What was supposed to be a relaxing birthday trip to Scotland for a San Francisco home health nurse ended up being a bike ride she will never forget.
Joan Roehling, RN, had traveled many times through Europe with family and friends, but thought she should do something special for her 48th birthday: She decided to take her first solo trip abroad. She picked Inverness, an ancient city in the Scottish Highlands.
“I am of Scottish heritage as well as a huge fan of history,” said Roehling. “I went alone so I could wander in museums and visit the sites. I simply wanted to see it for myself.”
On her birthday, Roehling had everything planned out. The warm summer day was to start with an early bike tour through the Ness Islands, on the River Ness, before ending with a dinner in Old Town Inverness.
“I was only on the bike ride for about 20 minutes when the tour guide called for a doctor or a nurse to come help,” said Roehling. “This was a heavily wooded hiking and bike path near the Inverness Castle and not many people were around.”
CPR and Sudden Teamwork
Roehling was on the fourth bike behind the tour guide and quickly spotted the Reverend Hector Morrison on the ground. Roehling jumped off her bike and dashed over to the reverend’s side.
She later learned the 64-year-old, of the Hilton Parish Church in Scotland, was jogging when he collapsed.
“A young lady who had been running nearby was shouting, ‘Are you ok?’ to the Reverend when I ran up. I found him on his side, eyes wide open, and he was not breathing. I couldn’t find a pulse, so I simply started CPR,” said Roehling.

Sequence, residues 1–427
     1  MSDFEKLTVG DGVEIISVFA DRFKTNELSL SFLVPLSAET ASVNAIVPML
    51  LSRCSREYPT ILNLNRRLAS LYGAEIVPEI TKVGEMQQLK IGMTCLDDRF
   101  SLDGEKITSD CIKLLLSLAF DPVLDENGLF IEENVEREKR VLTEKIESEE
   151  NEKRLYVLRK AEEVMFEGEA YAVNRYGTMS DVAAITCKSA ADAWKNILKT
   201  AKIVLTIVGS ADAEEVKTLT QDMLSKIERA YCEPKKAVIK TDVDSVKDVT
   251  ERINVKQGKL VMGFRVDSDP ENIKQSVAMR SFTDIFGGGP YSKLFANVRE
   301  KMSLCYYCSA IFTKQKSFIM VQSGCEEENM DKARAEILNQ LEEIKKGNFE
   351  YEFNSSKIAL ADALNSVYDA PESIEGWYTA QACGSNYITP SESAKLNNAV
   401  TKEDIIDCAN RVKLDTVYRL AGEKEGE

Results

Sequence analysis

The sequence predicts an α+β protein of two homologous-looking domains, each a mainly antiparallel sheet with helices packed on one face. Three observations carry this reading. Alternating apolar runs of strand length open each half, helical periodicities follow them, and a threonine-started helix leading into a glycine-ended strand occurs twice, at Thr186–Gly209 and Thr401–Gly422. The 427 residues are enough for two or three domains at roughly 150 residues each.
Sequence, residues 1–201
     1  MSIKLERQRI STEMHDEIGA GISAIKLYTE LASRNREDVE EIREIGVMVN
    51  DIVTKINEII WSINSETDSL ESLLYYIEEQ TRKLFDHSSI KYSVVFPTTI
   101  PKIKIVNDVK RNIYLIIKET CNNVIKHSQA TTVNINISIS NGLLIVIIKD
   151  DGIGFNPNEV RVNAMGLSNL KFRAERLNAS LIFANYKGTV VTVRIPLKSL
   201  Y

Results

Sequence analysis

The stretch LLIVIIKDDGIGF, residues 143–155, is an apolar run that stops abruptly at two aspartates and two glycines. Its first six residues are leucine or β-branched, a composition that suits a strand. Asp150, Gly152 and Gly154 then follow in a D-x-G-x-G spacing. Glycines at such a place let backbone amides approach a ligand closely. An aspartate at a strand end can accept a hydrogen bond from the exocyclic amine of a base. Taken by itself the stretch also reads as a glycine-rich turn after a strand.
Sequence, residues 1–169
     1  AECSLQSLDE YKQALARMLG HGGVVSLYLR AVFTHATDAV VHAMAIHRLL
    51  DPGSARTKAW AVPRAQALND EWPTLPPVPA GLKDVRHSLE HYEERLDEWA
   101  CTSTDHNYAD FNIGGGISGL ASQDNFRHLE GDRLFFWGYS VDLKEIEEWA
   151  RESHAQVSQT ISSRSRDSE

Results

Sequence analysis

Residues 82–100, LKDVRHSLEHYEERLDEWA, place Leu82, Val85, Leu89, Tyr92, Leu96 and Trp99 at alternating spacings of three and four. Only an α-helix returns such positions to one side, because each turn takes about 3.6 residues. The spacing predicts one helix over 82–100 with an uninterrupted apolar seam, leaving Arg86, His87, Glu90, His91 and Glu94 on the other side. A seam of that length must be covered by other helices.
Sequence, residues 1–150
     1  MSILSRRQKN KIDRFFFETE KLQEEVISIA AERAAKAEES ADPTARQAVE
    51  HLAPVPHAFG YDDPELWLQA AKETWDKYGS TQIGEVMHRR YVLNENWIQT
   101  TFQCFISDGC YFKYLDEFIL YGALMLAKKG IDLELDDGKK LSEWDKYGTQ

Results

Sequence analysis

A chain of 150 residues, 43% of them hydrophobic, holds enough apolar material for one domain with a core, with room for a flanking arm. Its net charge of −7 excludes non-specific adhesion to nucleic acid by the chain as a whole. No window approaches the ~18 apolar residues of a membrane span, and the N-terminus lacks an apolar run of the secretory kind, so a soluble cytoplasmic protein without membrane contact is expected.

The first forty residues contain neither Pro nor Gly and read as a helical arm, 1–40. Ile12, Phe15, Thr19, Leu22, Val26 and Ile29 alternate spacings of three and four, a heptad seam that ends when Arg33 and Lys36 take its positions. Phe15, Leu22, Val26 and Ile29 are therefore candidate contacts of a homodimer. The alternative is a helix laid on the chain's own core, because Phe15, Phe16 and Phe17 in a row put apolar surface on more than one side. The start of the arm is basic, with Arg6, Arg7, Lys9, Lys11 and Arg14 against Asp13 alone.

After a few moments, a local businessman on the same bike tour came over to help.
“I showed him what to do and he began compressions. I then asked someone to call for an ambulance and for a thin shirt, because I needed to clear his airway and began rescue breaths,” said Roehling.
She and the businessman, Kenneth Loades, took turns performing CPR. Others soon came to help.
Sharing Their Hearts
“It took 25 minutes before someone was able to bring over an automated external defibrillator and another 10 minutes before paramedics arrived,” said Roehling. “Once they were there, I was absolutely exhausted physically, in addition to being mentally drained.”
The Reverend Morrison survived, and Roehling said she still keeps in touch with him on social media.
“He and I have shared how our meeting in such a traumatic way has affected us both,” she said. “I’m getting to know his heart and I’m able to share a bit of mine, too.”
Following the experience, Loades was inspired to start a fundraising campaign to buy more heart-start defibrillators for the city of Inverness. For Roehling, the inspiration took a different form.
“The experience made me think a lot about family, friends, and faith,” she says. “Life is all about the relationships you build.”
The relationships she built through her experience in Scotland have become so strong she is returning in April. She said she looks forward to meeting up again with the Reverend and Mr. Loades, along with some new friends she met during her life-changing experience.
“It will be wonderful to see everyone,” said Roehling. “Except this time, it’s going to be a lot less stressful and a lot more fun.”